maybe ... maybe they could just look at the mangos? That'd be ok, right?
A haunting and romantic novel set in post-war Spain by Ruta Sepetys - winner of the Carnegie Medal 2017.
Madrid, 1957. Daniel, young, wealthy and unsure of his place in the world, views the city through the lens of his camera.
Ana, a hotel maid whose family is suffering under the fascist dictatorship of General Franco. Lives and hearts collide as they unite to uncover the hidden darkness within the city. A darkness that could engulf them all .
. . Master storyteller Ruta Sepetys once again shines light into one of history's darkest corners in this epic, heart-wrenching novel about identity, unforgettable love and the hidden violence of silence.
Longlisted for the Carnegie Medal 2021
Ruta Sepetys is the finest writer of historical fiction working today' The Wall Street Journal'
WINNER OF THE RATHBONES FOLIO PRIZE 2021
In the Dream House is Carmen Maria Machado's engrossing and wildly innovative account of a relationship gone bad. Tracing the full arc of a harrowing experience with a charismatic but volatile woman, this is a bold dissection of the mechanisms and cultural representations of psychological abuse. Each chapter views the relationship through a different lens, as Machado holds events up to the light and examines them from distinct angles.
She casts a critical eye over legal proceedings, fairy tales, Star Trek and Disney villains, as well as iconic works of film and fiction, infusing all with her characteristic wit, playfulness and openness to enquiry. The result is a powerful book that explodes our ideas about what a memoir can do and be.
Murder...? Vianne Rocher has settled down. Lansquenet-sous-Tannes, the place that once rejected her, has finally become her home. With Rosette, her youngest child, she runs her chocolate shop in the square, talks to her friends on the river, is part of the community.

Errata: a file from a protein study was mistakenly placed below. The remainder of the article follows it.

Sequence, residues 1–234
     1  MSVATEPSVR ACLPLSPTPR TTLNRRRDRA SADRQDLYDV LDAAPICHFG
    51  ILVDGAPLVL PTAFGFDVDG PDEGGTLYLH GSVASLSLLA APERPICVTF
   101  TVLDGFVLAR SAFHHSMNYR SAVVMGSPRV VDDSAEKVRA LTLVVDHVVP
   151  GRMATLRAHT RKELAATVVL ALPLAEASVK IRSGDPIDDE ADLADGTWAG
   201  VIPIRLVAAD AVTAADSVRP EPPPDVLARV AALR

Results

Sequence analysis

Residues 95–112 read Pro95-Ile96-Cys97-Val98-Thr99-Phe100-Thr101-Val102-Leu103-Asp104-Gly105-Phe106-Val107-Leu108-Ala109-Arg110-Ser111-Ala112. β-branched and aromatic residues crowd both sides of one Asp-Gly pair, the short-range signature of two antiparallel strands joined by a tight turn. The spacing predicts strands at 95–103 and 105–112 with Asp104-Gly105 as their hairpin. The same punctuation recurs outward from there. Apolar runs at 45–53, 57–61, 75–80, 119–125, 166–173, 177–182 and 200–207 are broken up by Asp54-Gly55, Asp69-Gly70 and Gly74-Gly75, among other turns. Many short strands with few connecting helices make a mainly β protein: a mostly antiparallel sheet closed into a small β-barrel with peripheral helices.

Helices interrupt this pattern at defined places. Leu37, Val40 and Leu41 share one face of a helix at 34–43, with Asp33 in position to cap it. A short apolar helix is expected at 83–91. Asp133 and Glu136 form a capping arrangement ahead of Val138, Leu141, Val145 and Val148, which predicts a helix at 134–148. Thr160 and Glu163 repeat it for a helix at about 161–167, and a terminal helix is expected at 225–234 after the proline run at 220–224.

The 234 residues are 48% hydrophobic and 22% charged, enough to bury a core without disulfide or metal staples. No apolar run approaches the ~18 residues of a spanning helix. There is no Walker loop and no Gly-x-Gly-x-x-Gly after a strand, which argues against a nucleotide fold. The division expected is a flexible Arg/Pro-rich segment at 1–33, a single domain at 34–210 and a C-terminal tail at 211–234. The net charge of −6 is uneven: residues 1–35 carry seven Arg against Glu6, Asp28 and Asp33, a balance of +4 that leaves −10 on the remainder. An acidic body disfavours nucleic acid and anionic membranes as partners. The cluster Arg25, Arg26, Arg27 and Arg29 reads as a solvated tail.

Even Reynaud, the priest, has become a friend. But when old Narcisse, the florist, dies, leaving a parcel of land to Rosette and a written confession to Reynaud, the life of the sleepy village is once more thrown into disarray. Then the opening of a mysterious new shop in the place of the florist's across the square - one that mirrors the chocolaterie, and has a strange appeal of its own - seems to herald a change: a confrontation, a turbulence - even, perhaps, a murder .
Return to the world of the multi-million-copy bestselling Chocolat....
Amanda Gorman's powerful and historic poem 'The Hill We Climb,' read at President Joe Biden's inauguration, is now available as a collectible gift edition.
On 20 January 2021, Amanda Gorman spoke a message of truth and hope to millions. Aged twenty-two, she delivered a poetry reading at the inauguration of US President Joe Biden.
Her poem, 'The Hill We Climb', addressed the country and reached across the world: a call for a brave future. This special edition, which includes an enduring foreword by Oprah Winfrey, marks that poem and offers us courage, consolation and the inspiration to make change. 'If the hardest part of an artist's job is to fully and honestly meet the moment, Amanda delivered a master class [at the inauguration].
She spoke truth to power and embodied clear-eyed hope to a weary nation. She revealed us to ourselves' Lin-Manuel Miranda, TIME
The BPS Book Club meets in the last week of every month. We have two sessions, each one covering the same book so just pick the session that suits you. There is no need to book, just show up. It's a relaxed and unintimidating sharing of views and opinions.
Please contact us if you have any questions about the book club.
BOOKS as GIFTS
Perhaps you have a relative or friend who loves reading but you have no idea what to choose? We can make recommendations based on a few hints! We offer a subscription 6 month gift service where the book(s) are chosen, gift wrapped and dispatched by BooksPaperScissors with a gift message from the recipient.
Recipient will receive an introductory letter allowing them to select genres and identify favourites - we do the rest!
For children or adults.